Here are this year’s awards:

Best Improvised Jazz Solo

 Winner.  Chick Corea : “Five Hundred Miles Highfrom Forever.

Other Nominees:

Randy Brecker: “All or Nothing at All” from The Jazz ballad Song Book

Ron Carter: “You Are My Sunshine” from This Is Jazz.

Fred Hersch: “Work” from Alone at the Vanguard.

Sonny Rollins: “Sunnymoon For Two: from Road Shows, Vol. 2.

Best Jazz Vocal album

Winner: Terri Lyne Carrington and Various Artists: The Mosaic Project.

Other Nominees:

Tierney Sutton Band: American Road

Karrin Allyson: ‘Round Midnight.

Kurt Elling: The Gate.

Roseanna Vitro: The Music of Randy Newman.

Best Jazz Instrumental Album

Winner: Chick Corea, Stanley Clarke & Lenny White.  Corea, Clark & White.

Other Nominees:

Gerald Clayton: The Paris Sessions.

Fred Hersch: Alone at the Vanguard.

Joe Lovano/Us Five: Bird Songs.

Sonny Rollins: Road Shows, Vol.2

Yellowjackets: Timeline.

Best Large Jazz Ensemble Album

Winner: Christian McBride Big Band. The Good Feeling.

Other Nominees:

Randy Brecker with the WDR Big Band: The Jazz Ballad Song Book.

Arturo O’Farrill & the Afro Latin Jazz Orchestra: 40 Acres and a Burro.

Gerald Wilson Orchestra; Legacy.

Miguel Zenon: Alma Adentro: The Puerto Rican Songbook

Best Instrumental Arrangement

Winner: Gordon Goodwin: Rhapsody in Blue.

Other Nominees:

Peter Jensen: ‘All or Nothing At All” (for Randy Brecker with the GDR Big Band)

Clare Fischer: “In the Beginning: (from the Clare Fischer Big band’s Continuum.)

Bob Brookmeyer: “Nasty Dance.” (from the Vanguard Jazz Orchstra’s Forever Lasting).

Carlos Franzetti: “Song Without Words” (from Alborada).

Best Instrumental Composition

Winner: Bela Fleck and Howard Levy: “Life In Eleven” from Rocket Science.

Other Nominees:

John Hollenbeck: “Falling Men” from Shut Up and Dance.

Gordon Goodwin: “Hunting Wabbits 3 (Get Off My Lawn) from That’s How We Roll.

Randy Brecker: “I Talk To The Trees” from The Jazz Ballad Song Book.

Russell Ferrante: “Timeline” from Timeline.


Picks of the Week: June 6 – 12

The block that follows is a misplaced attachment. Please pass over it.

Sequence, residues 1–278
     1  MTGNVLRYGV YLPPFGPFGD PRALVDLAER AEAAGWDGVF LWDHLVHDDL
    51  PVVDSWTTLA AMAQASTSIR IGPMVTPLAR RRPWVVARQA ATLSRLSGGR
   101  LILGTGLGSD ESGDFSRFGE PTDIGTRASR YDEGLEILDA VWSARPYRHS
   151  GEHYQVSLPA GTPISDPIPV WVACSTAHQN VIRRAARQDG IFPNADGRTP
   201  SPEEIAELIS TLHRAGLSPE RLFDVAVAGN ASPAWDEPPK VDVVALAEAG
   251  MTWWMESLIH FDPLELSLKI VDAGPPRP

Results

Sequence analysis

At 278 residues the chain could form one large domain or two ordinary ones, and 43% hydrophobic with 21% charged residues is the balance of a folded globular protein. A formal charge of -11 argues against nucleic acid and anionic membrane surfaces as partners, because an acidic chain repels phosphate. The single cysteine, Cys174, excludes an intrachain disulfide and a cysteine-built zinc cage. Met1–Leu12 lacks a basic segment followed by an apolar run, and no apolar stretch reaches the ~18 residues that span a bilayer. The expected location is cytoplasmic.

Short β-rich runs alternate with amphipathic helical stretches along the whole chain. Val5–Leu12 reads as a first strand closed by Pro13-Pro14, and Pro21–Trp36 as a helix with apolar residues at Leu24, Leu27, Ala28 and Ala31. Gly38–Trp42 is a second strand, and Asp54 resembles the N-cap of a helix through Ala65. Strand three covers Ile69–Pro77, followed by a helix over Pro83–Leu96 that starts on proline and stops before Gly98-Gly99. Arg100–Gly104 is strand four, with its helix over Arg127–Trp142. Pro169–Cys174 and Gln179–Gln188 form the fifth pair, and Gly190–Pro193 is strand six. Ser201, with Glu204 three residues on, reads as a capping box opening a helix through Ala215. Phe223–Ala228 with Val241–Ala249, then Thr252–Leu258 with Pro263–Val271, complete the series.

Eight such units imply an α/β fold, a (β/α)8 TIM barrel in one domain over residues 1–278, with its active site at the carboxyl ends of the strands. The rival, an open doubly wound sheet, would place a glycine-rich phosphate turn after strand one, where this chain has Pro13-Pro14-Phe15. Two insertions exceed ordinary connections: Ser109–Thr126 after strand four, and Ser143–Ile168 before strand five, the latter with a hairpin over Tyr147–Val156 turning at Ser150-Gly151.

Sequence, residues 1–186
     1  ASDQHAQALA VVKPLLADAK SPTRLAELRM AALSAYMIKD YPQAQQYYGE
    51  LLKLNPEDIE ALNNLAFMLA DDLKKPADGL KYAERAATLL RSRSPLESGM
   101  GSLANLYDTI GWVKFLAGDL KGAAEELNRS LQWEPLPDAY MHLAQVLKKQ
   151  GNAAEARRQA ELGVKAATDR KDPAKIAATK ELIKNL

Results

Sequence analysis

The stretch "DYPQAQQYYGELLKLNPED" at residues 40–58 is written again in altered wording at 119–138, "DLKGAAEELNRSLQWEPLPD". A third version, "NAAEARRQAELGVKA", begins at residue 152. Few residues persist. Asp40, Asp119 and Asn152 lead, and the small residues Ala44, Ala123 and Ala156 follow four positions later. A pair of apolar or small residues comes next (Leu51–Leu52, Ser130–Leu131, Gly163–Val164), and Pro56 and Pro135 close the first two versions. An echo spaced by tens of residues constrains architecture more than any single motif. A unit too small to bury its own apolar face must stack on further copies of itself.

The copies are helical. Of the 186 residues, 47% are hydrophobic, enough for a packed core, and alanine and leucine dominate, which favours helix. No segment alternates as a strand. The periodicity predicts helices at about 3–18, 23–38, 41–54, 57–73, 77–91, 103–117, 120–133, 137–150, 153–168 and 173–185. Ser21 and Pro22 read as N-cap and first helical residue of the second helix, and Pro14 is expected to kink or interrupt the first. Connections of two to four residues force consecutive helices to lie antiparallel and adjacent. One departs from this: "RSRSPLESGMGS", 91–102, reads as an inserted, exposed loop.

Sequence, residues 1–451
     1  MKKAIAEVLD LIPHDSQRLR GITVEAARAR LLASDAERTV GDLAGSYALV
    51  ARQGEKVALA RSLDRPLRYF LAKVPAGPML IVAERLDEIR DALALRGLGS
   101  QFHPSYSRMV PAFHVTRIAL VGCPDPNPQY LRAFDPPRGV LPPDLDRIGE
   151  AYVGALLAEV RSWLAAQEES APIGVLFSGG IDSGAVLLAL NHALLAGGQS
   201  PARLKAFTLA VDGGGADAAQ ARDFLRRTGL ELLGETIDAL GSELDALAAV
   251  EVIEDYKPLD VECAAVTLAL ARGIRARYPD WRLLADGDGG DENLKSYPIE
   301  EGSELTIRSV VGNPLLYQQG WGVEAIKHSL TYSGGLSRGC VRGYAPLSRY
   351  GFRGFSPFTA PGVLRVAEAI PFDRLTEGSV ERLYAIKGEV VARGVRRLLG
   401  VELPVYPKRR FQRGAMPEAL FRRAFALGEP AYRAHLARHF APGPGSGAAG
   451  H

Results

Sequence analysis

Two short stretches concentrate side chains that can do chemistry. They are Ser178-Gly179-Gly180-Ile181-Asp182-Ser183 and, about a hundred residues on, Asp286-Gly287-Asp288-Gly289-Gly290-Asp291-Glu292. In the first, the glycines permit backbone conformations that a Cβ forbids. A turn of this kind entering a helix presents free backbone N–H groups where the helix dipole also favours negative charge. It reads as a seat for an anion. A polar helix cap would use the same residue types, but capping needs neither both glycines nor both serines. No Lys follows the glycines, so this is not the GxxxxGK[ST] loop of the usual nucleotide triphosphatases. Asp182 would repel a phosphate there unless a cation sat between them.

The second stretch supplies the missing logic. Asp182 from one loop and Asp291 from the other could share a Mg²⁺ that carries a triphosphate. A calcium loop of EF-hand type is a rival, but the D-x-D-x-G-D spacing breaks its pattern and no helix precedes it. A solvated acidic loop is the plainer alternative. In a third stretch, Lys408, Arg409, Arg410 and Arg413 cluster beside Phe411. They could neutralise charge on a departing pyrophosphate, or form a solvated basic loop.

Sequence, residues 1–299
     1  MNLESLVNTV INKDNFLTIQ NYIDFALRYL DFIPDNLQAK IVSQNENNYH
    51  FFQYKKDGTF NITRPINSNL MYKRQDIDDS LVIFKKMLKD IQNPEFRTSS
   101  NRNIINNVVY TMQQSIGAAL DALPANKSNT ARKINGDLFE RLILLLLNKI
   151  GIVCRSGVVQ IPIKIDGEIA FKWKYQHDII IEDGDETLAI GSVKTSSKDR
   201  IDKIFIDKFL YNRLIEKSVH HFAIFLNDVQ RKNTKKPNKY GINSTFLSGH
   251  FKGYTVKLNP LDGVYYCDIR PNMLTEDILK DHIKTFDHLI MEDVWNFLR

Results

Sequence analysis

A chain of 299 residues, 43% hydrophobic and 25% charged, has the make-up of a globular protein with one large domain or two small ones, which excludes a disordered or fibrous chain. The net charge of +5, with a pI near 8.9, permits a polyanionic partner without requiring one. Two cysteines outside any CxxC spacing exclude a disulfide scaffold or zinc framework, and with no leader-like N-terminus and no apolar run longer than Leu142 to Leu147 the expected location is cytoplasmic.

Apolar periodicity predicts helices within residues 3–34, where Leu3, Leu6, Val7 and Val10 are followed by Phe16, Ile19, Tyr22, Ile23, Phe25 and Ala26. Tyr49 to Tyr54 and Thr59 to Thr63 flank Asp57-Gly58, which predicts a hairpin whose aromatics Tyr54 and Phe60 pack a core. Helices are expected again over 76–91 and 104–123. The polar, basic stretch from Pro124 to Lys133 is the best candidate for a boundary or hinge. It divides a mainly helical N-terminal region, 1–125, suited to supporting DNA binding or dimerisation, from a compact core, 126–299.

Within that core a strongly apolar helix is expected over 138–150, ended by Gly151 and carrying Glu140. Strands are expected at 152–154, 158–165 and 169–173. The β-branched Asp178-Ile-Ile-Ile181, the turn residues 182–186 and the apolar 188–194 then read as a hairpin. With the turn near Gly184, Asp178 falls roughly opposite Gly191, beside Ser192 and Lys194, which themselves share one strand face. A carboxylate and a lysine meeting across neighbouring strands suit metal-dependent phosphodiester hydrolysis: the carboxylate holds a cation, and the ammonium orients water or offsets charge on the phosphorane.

June 5, 2011

By Don Heckman

Los Angeles

- June 6. (Mon.)  Candi Sosa: Bolero Meets Jazz.  Cuban born singer Sosa finds surprisingly compatible musical linkages between jazz and the lyrical Latin ballad style. Vitello’s.    (818) 769-0905.

- June 7. (Tues.)  Jennifer Leitham Trio.  Bassist/singer Leitham celebrates the release of her DVD, The Real Me Live!, the chronicle of an extraordinary talent and an amazing life.  Catalina Bar & Grill.  (323) 466-2210.

Sally Kellerman

- June 8. (Wed.) Sally UnpluggedSally Kellerman.  Hot Lips returns with a bundle of songs reaching from jazz and blues to country and pop.  And she does them all with utter authenticity, finding the heart of the story in everything she sings. Vitello’s.  (818) 769-0905.

- June 9 – 11. (Thurs. – Sat.)  “Rhapsody in Blue.”  The Pacific Symphony conducted by James Gaffigan, performs a program of Gershwin (the Rhapsody in Blue and Variations on I Got Rhythm) and Rachmaninoff (Symphony No. 2).  Orion Weiss is the piano soloist for the Rhapsody.  Renee and Henry Segerstrom Concert Hall.   (714) 556-2787.

- June 9 – 11. (Thurs. – Sat.)  Diane Schuur.  Deedles, as she is known to friends and fans alike, makes a few of her too-rare appearances in the Southland, celebrating the release of The Gathring, her debut album on Vanguard.  On Thurs. she’ll be at the Grammy Museum.    And on Fri. and Sat. at Catalina Bar & Grill.  (323) 466-2210.

- June 10. (Fri.)  Julie Kelly.  Versatile in everything from atmospheric Brazilian music to jazz balladry and lively scatting, Kelly’s singing is always a pleasure to hear.  She’s backed by the John Heard Trio.   Charlie O’s.   (818) 994-3058.

- June 11. (Sat.)  Jethro Tull.  More than four decades since Ian Anderson first demonstrated the potential for the flute as the lead instrument in a rock group, he’s still romping with Jethro Tull.  The band will perform their Aqualung album in its entirety, with a sampling of other hits, as well. The Greek Theatre.  (323) 554-5857.

HIGHLIGHT OF THE WEEK

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- June 11 & 12. (Sat. & Sun.)  The Playboy Jazz Festival.  The Hollywood Bowl.  It’s that time again.  The weekend that jazz fans anticipate with pleasure.  A two day jazz party in the sun, filling every nook and cranny of the Hollywood Bowl with all the amazing sounds grouped under the broad colorful umbrella of contemporary jazz.  This year’s program includes: